To mark IDC Herzliya’s 20th anniversary, we spent a day following Prof. Uriel Reichman, IDC’s founder and president, and Jonathan Davis, VP for External Relations, around its delightful campus.
Newt Gingrich recently stunned the political and diplomatic establishments, the professional peaceniks and the entire Arab world by terming the Palestinians “an invented” people, presumably with a history fabricated solely to counter and then eradicate the Jewish national idea.
He was right, of course. Interestingly, few if any of his most rabid critics in the Arab world and in the anti-Israel media even challenged his thesis. They focused on the prudence and propriety of the statement, on the ever-shifting balance between the Old Newt and the New Newt, and the prospects of “peace” in the Middle East given this startling and audacious admission.
But of course Newt was right, if impolitic. It wasn’t that long ago when then-Israeli Prime Minister Golda Meir made such an assertion herself. In a statement to The Sunday Times (June 15, 1969), she said: “There is no such thing as a Palestinian people…. It is not as if we came and threw them out and took their country. They didn’t exist.” All Newt did was state a bald-faced truth that has been obscured for too long.
That is not to say that there have not been Arabs living in what they called Palestine for generations. There have been Arabs living in the land of Israel for quite a while, just like there have been Jews living in Israel – in an unbroken chain of residence – since antiquity. But the Arabs of Israel never had a national identity, and never sought statehood or independence until the Jews returned en masse in the late 19th and early 20th centuries. (Previous Jewish residents were forced to live without any national rights and subservient to the Muslim, Christian, Turkish – the latter for 400 years until 1917 – and finally British rulers.) It is Palestinian “nationalism” and “peoplehood” that were contrived by Jew-haters and anti-Zionists.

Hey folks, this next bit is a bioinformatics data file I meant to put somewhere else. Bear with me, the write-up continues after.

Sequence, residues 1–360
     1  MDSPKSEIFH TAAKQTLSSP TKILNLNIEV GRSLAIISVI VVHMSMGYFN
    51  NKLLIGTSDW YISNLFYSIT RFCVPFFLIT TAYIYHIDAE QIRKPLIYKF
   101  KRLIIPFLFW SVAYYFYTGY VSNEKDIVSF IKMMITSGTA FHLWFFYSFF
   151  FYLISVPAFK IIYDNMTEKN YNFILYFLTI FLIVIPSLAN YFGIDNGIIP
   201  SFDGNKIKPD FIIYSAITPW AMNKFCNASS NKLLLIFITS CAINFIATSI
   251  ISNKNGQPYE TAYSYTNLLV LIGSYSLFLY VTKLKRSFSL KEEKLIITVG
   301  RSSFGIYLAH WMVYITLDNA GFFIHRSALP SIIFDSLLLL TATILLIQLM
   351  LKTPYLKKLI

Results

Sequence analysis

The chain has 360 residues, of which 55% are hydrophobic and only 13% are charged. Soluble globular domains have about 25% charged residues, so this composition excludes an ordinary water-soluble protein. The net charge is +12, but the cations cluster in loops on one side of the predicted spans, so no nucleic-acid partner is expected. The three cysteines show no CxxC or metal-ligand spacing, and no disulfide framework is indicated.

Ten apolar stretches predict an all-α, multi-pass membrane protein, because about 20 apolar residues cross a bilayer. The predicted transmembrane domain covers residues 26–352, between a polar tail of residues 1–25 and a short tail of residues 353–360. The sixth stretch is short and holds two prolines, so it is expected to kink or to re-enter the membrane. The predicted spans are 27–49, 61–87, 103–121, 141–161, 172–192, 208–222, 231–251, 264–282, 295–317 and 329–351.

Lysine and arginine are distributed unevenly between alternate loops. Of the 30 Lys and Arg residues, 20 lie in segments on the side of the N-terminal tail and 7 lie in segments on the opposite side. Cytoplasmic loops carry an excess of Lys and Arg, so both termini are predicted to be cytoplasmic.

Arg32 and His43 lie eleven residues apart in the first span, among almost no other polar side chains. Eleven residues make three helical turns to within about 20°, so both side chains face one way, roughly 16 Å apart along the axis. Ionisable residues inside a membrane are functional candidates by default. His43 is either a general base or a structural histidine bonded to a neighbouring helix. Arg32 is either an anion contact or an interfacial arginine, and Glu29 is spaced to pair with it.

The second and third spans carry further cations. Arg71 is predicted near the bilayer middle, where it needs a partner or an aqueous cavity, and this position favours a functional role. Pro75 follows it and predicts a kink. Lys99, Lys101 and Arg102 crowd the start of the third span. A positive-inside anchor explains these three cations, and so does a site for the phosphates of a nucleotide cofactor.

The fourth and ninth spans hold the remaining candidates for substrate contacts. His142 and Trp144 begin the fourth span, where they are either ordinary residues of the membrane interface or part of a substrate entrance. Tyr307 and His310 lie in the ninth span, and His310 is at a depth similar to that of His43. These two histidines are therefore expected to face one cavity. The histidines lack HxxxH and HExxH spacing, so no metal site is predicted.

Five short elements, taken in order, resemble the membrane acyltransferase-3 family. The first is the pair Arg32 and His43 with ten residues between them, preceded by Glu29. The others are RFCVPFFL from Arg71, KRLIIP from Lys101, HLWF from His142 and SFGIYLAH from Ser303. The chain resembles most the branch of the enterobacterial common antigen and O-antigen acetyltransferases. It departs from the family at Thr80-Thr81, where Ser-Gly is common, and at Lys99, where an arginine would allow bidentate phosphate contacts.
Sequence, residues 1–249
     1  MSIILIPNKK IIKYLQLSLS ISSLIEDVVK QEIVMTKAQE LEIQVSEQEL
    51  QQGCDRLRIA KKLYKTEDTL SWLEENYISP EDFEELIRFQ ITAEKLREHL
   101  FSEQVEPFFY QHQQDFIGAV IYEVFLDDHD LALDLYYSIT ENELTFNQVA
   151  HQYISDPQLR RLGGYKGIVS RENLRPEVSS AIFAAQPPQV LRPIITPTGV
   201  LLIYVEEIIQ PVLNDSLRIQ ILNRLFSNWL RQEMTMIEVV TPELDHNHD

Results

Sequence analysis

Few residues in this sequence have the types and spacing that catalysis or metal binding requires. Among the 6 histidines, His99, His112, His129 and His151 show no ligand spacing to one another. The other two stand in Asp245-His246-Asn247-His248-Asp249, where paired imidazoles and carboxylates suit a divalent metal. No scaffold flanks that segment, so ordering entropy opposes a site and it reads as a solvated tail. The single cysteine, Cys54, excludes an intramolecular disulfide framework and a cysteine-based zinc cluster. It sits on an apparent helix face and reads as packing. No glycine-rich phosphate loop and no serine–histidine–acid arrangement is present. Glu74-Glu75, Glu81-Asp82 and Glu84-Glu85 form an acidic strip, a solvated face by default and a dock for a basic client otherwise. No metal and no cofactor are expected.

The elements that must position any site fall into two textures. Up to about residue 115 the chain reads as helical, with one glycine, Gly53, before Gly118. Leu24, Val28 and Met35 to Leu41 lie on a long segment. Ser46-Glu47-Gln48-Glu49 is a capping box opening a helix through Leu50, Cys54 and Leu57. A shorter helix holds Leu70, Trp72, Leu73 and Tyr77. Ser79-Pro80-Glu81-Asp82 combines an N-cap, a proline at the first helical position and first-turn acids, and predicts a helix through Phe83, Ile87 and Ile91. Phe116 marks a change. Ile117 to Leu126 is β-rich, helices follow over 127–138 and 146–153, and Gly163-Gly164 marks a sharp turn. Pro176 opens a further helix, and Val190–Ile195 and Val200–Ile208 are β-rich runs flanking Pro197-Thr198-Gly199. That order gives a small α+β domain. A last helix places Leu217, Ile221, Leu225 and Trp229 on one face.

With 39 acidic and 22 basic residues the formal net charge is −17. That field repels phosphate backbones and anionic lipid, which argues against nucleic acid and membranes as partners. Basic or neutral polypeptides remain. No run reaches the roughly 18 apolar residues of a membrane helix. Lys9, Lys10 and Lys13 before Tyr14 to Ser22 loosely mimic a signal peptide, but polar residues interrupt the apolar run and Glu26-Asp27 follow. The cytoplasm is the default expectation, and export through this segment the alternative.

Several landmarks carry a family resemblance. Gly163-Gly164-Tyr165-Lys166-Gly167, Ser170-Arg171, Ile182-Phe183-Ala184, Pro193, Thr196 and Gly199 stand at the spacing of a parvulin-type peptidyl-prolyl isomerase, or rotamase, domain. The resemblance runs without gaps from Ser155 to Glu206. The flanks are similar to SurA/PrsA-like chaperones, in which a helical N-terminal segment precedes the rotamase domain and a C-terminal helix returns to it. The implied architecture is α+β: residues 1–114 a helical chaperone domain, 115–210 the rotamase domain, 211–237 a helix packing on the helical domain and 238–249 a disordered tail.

Thus, it is well known that the early 20-century Arabs of the land of Israel called themselves “Southern Syrians” and derided the early Jewish settlers as “Palestinians.” (How’s that for marketing?) Those same Arabs rejected the UN state proffered to them in 1947, and then “neglected” to seek statehood from 1948-1967 when Judea, Samaria and Gaza were controlled by fellow Arabs.
In other words, the “Palestinian people” and “Palestinian nationalism” were both inconsequential formulations that only exist to undermine and disqualify the Jewish state of Israel. To underscore the point, had there been no “Israel” created in 1948, the territory of “Palestine” would have been distributed to a variety of Arab entities to the north and east, themselves creations of the international community. But an “Arab Palestine,” as an independent state, would have been on no one’s radar, as it was not until the 1970s.
Jews have lived in Israel since time immemorial (the title of Joan Peters’s famous work), and even after the destruction of the Second Temple and the great exile, Jews remained. Jews remained in the 2nd-4th centuries to write the Jerusalem Talmud, draft the permanent calendar and even entertain, for a time in the fourth century, the building of another Temple with permission from Julian the Apostate; in the 5th-6th centuries to cling to the land amid the Byzantine and Christian persecutions; in the 6th-11th centuries to survive the Muslim invasion – returning to Yerushalayim with permission from the Emperor Omar and observing the founding of the only town founded by Arabs in the land of Israel during their entire sojourn – Ramle; suffering the torments of the Crusaders in the 12th century; enduring the Muslim reconquest in the 12-15th centuries in which the land saw a constant stream of Jewish visitors and/or residents, including Rambam, Ramban, R. Yechiel of Paris, and many others; the 16th century that witnessed the flourishing of Jewish life – the composition – in Israel! – of the Shulchan Aruch and the rise of the giants of Kabbalah; the 17-18th centuries during which both Sephrdic and Ashkenazic Jews bolstered existing communities throughout the land of Israel and founded new ones, and the 19th century, when the Zionist movement in a variety of forms took root.